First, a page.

Monday, August 24, 2015

Turning Down a Gear

In Japanese there's a phrase: お疲れ様です! There really isn't a translation for it, but the best I can do is, "keep up the great work!"

We've played a bit of chess and Shogi (Japanese Chess) lately, and
these two photos are of my first two ever wins in Japanese chess
(consecutively). They probably don't mean much to you, but I was
pretty happy.

Hachinohe can get quite windy at times. As I have biked around in the
wind and other weather, I think that it is interesting to note that
sometimes when the wind gets strong, going down a gear helps you more.
Too often, I think, we are used to the automatic route. Automatic
transmission in cars, automatic lighting, even instant food is
available to most of us. So, when the going gets tough in a car, we
usually think push harder. I've quickly learned that that isn't always
best. There are times when, honestly, less can be a lot more effective
than more. Don't forget to enjoy the beauty of the Earth around you!
God didn't make it for nothing, He made it for Man to enjoy.

The Kanji of the week is: 祝福師の祝福 pronounced
"shh-coo-fh-coo-shi-no-shh-coo-fh-coo," and means Patriarchal
A delicious meal made by my lovely companion. There is
corn soup on the bottom, and the top is his "special." Yes, that's a
raw egg in the food. I've come to really love the taste of raw egg.

Monday we didn't do much except for email and shopping for food. That
was fine though, because it meant we had time to relax and not have
anything to worry about. In the evening we went housing for a bit, and
then went to the church for Family Home Evening. As no one showed up
for half an hour, we went home after that, and looked at some
potential investigator records.

Tuesday I went to Misawa on companion exchange. There was a lot of
things we did, including visiting a couple of members and eating lots
of snacks they gave us, and teaching Japanese Class. The reason for
the Japanese class, is that there is a US air force base in Misawa, so
there are Americans who come to learn Japanese. On top of that, I got
to go on base with a member and got a taste of America. All I can say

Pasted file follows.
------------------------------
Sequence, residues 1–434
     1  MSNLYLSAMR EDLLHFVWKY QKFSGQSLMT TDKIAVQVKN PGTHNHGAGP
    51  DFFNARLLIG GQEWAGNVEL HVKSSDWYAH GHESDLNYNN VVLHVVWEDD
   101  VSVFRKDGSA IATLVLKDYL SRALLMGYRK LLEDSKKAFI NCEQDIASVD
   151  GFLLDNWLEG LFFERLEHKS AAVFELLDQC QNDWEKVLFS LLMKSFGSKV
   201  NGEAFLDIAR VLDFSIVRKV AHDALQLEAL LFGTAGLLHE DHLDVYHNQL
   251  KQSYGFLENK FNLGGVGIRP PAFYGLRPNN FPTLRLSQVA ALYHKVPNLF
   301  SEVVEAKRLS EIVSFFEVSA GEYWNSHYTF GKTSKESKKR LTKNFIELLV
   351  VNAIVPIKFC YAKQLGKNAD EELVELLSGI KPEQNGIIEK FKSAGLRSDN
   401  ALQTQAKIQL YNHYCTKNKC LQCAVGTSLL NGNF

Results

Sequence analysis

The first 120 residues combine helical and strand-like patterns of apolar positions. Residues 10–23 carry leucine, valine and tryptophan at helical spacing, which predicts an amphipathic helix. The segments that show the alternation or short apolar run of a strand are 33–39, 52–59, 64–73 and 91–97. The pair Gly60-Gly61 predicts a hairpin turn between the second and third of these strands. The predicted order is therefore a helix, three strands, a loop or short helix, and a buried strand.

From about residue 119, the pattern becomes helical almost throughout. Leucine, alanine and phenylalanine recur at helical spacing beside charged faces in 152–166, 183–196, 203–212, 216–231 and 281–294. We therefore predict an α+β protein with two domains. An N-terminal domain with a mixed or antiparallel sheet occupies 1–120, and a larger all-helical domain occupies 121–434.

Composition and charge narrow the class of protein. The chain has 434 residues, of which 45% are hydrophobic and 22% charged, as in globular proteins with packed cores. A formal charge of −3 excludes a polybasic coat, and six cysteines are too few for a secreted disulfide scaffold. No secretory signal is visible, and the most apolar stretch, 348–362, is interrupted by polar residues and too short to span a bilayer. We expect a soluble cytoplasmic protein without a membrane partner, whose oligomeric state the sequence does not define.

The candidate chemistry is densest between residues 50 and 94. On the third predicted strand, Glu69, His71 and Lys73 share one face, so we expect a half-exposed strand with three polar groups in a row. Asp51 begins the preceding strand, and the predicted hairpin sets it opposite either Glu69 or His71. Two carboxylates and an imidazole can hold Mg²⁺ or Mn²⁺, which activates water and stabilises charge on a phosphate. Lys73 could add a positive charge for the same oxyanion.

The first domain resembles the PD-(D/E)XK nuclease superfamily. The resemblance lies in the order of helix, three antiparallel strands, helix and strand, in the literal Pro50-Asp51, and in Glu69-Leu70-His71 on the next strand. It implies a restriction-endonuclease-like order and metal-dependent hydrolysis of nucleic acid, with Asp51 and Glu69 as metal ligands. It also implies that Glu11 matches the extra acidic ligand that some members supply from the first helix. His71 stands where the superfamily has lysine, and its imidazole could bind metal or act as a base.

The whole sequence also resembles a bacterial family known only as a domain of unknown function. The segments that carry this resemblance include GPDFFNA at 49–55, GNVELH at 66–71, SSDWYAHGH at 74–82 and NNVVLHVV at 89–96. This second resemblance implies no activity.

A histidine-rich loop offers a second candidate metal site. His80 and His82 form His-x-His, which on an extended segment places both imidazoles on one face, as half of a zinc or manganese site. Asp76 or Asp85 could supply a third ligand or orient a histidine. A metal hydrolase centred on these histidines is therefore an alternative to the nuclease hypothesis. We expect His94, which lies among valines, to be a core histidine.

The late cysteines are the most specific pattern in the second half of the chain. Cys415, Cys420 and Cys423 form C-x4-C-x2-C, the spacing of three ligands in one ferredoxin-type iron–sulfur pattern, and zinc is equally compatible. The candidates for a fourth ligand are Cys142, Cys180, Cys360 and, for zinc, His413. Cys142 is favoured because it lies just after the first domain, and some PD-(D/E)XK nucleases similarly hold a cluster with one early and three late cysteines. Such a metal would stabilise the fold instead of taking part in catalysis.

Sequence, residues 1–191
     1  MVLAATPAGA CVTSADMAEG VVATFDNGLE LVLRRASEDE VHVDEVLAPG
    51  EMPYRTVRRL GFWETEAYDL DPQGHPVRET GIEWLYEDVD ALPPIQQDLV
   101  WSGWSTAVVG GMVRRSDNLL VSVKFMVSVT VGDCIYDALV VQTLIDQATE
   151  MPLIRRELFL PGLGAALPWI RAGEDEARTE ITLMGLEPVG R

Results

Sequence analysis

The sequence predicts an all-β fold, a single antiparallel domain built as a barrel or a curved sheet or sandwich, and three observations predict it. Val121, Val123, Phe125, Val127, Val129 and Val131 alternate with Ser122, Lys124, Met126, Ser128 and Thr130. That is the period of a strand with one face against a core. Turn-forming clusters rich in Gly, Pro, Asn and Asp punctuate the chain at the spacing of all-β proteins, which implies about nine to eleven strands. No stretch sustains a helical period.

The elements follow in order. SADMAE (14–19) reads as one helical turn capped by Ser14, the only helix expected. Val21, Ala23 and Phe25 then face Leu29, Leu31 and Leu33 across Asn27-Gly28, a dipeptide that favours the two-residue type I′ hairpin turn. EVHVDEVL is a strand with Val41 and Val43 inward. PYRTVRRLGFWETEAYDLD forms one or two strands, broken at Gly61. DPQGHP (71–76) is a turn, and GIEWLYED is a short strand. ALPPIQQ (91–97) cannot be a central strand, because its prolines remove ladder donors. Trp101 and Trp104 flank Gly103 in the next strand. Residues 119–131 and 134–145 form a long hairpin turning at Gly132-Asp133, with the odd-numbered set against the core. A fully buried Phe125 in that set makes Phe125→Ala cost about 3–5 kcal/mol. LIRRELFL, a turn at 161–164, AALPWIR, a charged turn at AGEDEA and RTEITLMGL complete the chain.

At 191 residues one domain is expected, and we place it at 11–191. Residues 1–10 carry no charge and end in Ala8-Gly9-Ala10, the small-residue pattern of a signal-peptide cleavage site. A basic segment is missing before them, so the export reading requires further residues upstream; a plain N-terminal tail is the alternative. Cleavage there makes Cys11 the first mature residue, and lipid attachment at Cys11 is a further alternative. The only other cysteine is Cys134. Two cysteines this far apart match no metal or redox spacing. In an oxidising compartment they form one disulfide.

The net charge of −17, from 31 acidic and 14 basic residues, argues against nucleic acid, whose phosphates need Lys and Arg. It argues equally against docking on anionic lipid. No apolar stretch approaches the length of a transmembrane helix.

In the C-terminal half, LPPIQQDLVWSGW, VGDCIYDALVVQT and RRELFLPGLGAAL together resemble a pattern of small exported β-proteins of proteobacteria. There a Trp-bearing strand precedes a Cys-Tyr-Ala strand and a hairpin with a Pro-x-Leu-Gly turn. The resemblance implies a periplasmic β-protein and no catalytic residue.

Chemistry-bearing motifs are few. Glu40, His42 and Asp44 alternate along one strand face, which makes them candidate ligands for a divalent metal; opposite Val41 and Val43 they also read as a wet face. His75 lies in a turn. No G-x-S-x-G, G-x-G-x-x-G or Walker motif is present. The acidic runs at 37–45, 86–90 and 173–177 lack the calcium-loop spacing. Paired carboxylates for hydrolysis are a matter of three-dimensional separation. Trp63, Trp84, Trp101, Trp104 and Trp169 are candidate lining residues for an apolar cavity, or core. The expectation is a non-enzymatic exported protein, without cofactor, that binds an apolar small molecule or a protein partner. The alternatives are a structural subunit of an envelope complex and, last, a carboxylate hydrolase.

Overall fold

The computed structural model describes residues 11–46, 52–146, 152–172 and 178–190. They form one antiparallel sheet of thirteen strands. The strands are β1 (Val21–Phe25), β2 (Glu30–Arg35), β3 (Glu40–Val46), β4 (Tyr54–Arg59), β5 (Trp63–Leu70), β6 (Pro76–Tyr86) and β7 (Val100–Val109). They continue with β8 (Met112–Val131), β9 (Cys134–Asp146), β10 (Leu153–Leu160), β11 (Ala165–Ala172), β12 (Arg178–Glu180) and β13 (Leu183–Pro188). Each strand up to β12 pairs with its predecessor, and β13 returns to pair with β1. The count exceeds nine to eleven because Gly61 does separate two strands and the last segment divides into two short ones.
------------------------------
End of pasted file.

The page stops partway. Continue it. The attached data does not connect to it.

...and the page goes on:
is it was a giant reverse culture shock experience, and I learned just
a taste of how much I've grown un-accustomed to the bigness of
A pizza that we had while I was on base in Misawa. I
couldn't eat more than two pieces (I also had a big lunch and nonstop
snacks from members up until that point just about), and my stomach
has shrunk. It was so weird not seeing hardly any Japanese people,
everything was in English, and the pizza was actual american pizza.
There was also a "small wal-mart," which wasn't actually a wal-mart,
nor did I think it was small. I am in for a big shock when I come

Wednesday we didn't get too much in. We went streeting for a little
bit, but there was no fruits from that, and after that all we really
had time for was English class. But that was fun, as always.

Thursday we did weekly planning. As has been the case the last little
while, it has taken a bit longer to make sure that both of us are on
the same page while planning because of the language difference, but
all is well, and there were no arguments. The remainder of the time
was trying to find a building for information on a sign language
circle, and trying to find places to street or house. But no luck on
that day either.
A  cool flower I saw in Aomori and thought I should take a
picture of.

Friday was Zone Conference, and it was great. I am always amazed at
the spirit that is felt at zone conferences, and I learned a lot. I
also learned a bit more about talking to others on the street, and
about not worrying about what to say, but to just talk and my mouth
will be filled by the grace of God. That's hard work though, I'll have
you know!

Saturday my companion woke up with a sore neck, and couldn't move it
much. We called the mission president and he told him to keep the neck
warmed up, and to take some ibuprofen. He was a bit reluctant on the
medicine side, as all we had was American ibuprofen which is
apparently stronger than Japanese medicine, but He took it, and rested
a bit. By the time that English time came around though, he still
wasn't feeling good enough to actually move his neck freely, so we
spent the rest of the day looking at potential investigators records,
and old investigator records. We have some people we want to visit
now, so hopefully something goes on with that.
A cool cup thing going on in McDonalds right now in
Japan, along with a vintage sign for coke. I wanted just the coke
sign, but I didn't have my actual camera, so I just used the iPad
camera at a distance.

Sunday was great as always. The sacrament is as precious to me as it
always is, and I am so grateful for Christ forgiving me of my sins
against His commandments as long as I repent with an honest heart. Our
recent convert's brother also got back from college, and so he'll be
translating for him while he's here as he speaks Japanese. The rest
of the day was studying, but it was good studies, so I think it was
worth it.

That's my week! I hope you all have a wonderful week this week, and
that you all experience something new. I love you all, and I hope that
you all know that.


Elder _______

The happy birthday banner you sent me back in February
being used for Elder T's birthday (it was the 20th). If you
look in the reflection, you can see me taking the picture.
Zone Conference

1 comment:

  1. Oh gosh this was fun to read! :D I am so excited to get to read Mindy's letters from Japan soon! She is on a plane today, headed for Tokyo! :) Thanks for sharing your son's letter! I hope you have a wonderful Sabbath today, Valerie! :)


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